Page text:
We got a sweet little bunch of marjoram, too. I’d never seen it in its natural state before, and it’s very pretty! Actually, I was trying to find a picture for you just now, and it doesn’t look like the herb we had, so I don’t know if we actually had marjoram (like we were told) or something else. It smelled reliably herby, though, and worked well in the spaghetti sauce that I will tell you about in just a minute.
Here’s Week 13:
Another watermelon! Are they trying to kill us? Don’t they know those suckers are heavy?! I liked this one better than its predecessor, because it had fewer seeds. Still, Red ate more of it than I did, and we gave some to my parents. Spreading the watermelon love around, y’all.
Oh, yeah, that spaghetti sauce. This is probably the most ghetto spaghetti sauce ever. We didn’t bother measuring a damn thing. We sautéed those red onions with a few of the small green peppers (plus some left over from last week) and some garlic in a pot that was too small, because we needed the big pot for the spaghetti. Then we dumped in the diced tomatoes, fearful that they’d overflow and we’d really be in trouble (and out of dinner), and tried to stir that mess. We added the rest of the cheap-ass wine that is only good for spaghetti sauce, some sugar, and a frozen hunk of tomato paste (the only saving grace of many a quick tomato sauce). We tried to class it up on the seasoning front, though: instead of the holy triumvirate of salt-pepper-Italian seasoning, we used salt, pepper, a little dried basil, last week’s marjoram, and this week’s fresh thyme. I love it when we get herbs! Then, we prayed the sauce would reduce into something edible while the pasta cooked. Wouldn’t you know it, it did! It was certainly not our best tomato sauce, but I liked having the peppers in there.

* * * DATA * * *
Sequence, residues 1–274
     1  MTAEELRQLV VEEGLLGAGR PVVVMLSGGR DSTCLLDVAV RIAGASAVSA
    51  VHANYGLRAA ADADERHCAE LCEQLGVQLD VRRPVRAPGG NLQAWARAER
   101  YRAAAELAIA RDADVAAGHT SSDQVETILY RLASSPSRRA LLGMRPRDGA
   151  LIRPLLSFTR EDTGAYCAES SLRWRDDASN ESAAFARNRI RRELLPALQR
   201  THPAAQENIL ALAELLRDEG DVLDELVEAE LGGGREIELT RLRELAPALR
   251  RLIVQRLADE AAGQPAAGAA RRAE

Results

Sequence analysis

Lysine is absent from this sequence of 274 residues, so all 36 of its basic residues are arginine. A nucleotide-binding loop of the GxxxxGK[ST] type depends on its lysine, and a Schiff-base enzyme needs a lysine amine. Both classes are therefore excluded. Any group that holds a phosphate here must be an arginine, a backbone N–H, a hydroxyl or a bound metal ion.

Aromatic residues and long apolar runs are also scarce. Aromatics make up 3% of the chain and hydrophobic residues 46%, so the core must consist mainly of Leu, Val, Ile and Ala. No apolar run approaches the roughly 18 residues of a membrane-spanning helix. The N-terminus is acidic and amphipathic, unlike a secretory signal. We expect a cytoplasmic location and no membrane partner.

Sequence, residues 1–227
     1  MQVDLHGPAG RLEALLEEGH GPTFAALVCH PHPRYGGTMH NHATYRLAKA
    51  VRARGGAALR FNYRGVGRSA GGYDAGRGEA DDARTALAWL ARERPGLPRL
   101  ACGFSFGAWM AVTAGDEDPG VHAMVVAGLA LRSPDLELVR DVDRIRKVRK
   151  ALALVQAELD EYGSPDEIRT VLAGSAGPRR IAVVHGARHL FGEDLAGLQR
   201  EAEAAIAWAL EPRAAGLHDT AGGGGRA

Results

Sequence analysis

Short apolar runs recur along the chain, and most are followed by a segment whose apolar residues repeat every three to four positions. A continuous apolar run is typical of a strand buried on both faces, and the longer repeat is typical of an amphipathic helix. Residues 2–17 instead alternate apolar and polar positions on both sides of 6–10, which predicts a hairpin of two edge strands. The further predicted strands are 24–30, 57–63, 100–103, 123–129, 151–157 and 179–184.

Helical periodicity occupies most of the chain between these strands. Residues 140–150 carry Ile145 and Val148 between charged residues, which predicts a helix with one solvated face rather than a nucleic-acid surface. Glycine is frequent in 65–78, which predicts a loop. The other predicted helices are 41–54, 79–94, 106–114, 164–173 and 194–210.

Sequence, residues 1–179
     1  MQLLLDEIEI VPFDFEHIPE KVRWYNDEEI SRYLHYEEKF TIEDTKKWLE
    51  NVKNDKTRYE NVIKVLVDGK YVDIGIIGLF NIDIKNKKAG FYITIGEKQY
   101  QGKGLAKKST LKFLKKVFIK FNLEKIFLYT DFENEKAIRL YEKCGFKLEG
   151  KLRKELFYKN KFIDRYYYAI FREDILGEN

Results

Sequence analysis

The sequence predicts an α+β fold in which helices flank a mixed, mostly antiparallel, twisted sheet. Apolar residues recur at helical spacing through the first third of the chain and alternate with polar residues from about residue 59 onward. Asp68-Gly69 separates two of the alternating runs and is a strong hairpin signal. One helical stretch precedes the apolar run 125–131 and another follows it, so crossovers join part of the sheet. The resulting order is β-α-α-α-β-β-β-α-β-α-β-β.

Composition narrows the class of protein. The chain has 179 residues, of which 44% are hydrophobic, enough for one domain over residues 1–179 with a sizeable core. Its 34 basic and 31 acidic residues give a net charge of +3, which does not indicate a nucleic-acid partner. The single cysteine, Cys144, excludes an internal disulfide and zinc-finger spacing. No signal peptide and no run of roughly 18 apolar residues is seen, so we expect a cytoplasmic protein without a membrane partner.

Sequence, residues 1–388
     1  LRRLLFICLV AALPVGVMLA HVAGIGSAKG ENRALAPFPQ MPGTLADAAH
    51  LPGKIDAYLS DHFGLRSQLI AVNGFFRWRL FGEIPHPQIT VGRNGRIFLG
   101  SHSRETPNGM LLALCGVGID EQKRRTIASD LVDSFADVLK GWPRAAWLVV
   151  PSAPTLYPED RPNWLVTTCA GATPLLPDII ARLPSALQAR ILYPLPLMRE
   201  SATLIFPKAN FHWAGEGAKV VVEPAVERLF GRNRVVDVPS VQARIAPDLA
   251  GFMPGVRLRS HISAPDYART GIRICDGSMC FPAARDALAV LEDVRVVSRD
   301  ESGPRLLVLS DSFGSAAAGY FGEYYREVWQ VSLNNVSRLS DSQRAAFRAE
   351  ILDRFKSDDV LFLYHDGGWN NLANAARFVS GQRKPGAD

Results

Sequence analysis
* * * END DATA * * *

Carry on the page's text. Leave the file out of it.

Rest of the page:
I like the small Japanese eggplants much more than the huge American ones (really, I just learned that they are called American eggplants). They’re easier to slice and less bitter. We diced these and threw them into a curry with the rest of Week 11’s scallions and this week’s green peppers. I made Veganomicon’s Baked Curry Tofu, then whipped up a sauce with the leftover marinade. Everything got together in the wok, partied for a bit, and chilled out over some brown rice just in time to save us from starvation. It was a lovely curry, very flavorful but not too spicy.
As of this posting, we’ve still got the potatoes and most of the lettuce left, along with a few red onions and that garlic. The garlic’s easy: It’s going into the chopper, then into a jar because I have discovered that making your own diced garlic is the best of both worlds. Once it’s chopped, I get the ease of jarred garlic without the weird preservatives and crazy high cost! Lazy garlic for the win!